But Jesus turned him about, and when He saw her, He said, Daughter, be of good comfort; thy faith hath made thee whole. And the woman was made whole from that hour. (Matthew 9:22)

Then touched He their eyes, saying, According to your faith be it unto you. (Matthew 9:29)

But without faith it is impossible to please him: for he that cometh to God must believe that he is, and that he is a rewarder of them that diligently seek him. (Hebrews 11:6)

For therein is the righteousness of God revealed from faith to faith: as it is written, The just shall live by faith. (Romans 1;17)

 But that no man is justified by the law in the sight of God, it is evident: for, The just shall live by faith. (Galatians 3:11)

Now the just shall live by faith: but if any man draw back, my soul shall have no pleasure in him. (Hebrew 10:38)

It is so important to understand that we are not made just before God by what we do. We are justified before God if we have believed that Jesus is the just one who lived, died, and rose from the dead to atone for our sins, and in Him, we are just. Then, we who God has declared to be just through Christ are to live according to the grace and truth that came by Christ (John 1:16). Faith without works is dead (James 2:26), but works do not bring us to faith. Faith comes by hearing, understanding, and believing the word of God (Romans 10:17). After coming to faith, we are exhorted to live by, in accordance with, that faith. “The just shall live by faith” is descriptive of how the just should live. They live according to the faith — the truth, the promises, and the commands of Jesus. They live by the principles of the Kingdom of God, not by the ways of the world.  In considering the nature of the kingdom of God, I encourage you to meditate on these Scriptures and also read Jesus’ words in Matthew 13. We will consider some of these aspects of the kingdom of God in the next meditation.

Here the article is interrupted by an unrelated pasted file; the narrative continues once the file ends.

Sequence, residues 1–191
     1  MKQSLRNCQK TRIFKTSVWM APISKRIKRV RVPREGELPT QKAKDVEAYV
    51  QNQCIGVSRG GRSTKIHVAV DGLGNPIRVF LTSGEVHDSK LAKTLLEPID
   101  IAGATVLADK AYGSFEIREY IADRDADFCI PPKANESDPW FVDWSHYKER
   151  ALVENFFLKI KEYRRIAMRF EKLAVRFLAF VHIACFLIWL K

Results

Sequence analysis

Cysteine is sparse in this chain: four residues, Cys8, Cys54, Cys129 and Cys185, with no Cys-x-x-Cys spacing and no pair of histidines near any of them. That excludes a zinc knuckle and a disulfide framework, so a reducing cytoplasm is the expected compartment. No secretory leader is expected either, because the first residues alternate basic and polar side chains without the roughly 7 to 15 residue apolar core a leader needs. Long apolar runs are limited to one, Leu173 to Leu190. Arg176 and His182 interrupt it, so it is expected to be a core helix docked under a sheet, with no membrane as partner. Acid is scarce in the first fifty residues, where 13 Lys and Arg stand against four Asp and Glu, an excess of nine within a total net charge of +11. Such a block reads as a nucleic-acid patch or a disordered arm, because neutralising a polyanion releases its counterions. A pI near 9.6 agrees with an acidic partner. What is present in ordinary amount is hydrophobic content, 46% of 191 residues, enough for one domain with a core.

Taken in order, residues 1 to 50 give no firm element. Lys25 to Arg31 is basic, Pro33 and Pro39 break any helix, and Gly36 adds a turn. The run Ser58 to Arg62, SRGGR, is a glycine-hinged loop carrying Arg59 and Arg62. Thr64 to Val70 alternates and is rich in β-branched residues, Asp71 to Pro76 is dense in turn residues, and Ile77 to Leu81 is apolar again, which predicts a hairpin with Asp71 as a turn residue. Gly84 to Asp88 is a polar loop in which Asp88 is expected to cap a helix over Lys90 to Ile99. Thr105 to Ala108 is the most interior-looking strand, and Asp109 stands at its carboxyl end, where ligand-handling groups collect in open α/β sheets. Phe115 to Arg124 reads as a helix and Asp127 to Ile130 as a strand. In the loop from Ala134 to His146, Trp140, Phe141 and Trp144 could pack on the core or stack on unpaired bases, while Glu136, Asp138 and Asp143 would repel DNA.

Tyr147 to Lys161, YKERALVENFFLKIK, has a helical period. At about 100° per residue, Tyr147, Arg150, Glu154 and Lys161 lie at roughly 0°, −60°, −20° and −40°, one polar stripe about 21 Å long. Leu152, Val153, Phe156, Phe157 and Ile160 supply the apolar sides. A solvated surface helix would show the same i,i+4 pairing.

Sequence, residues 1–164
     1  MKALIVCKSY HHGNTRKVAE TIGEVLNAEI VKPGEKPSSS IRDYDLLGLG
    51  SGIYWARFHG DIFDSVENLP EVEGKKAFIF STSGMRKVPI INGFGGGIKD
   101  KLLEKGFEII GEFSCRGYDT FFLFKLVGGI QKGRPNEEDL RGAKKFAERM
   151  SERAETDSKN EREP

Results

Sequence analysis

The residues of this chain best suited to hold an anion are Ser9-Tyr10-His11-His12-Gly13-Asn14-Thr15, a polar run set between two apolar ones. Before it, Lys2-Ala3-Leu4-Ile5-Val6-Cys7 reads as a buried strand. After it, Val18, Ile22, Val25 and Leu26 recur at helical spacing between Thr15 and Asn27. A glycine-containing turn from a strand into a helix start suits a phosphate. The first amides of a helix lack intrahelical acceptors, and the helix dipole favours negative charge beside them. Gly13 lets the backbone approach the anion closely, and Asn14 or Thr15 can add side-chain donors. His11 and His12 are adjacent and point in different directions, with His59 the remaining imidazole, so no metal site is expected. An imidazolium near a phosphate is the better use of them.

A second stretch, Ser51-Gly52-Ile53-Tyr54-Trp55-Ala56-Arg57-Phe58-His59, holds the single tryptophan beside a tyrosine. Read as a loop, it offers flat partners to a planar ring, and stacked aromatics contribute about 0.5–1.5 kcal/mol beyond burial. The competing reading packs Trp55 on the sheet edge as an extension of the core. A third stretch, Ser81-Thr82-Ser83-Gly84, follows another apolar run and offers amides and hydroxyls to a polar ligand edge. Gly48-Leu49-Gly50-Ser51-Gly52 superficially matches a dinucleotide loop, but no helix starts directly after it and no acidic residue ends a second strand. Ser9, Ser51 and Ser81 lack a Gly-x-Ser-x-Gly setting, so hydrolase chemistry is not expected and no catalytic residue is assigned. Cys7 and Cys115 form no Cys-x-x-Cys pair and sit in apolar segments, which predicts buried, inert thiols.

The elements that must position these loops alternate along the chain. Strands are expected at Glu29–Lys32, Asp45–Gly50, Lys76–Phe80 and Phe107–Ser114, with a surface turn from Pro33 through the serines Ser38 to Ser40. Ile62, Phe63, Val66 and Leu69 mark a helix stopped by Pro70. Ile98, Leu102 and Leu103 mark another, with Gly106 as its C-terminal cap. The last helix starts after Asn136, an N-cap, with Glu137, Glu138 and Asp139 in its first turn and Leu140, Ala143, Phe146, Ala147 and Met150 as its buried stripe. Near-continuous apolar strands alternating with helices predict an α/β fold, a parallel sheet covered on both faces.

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About the Author

Professor Robert J. Barth
A graduate of the University of Illinois (B.S. 1976), Professor Robert J. Barth received his Juris Doctor from Southern Illinois University School of Law in 1979. He received his Master’s Degree in Public Policy from Regent University in 1986. From 1986 to 1995, Professor Barth was associated with Regent University School of Law in several capacities, including assistant dean for academic and student affairs, and editor of the Journal of Christian Jurisprudence. He has written several articles, and as the director for academic programs, he has authored Oak Brook College’s book, Renewing Your Mind as You Study Law.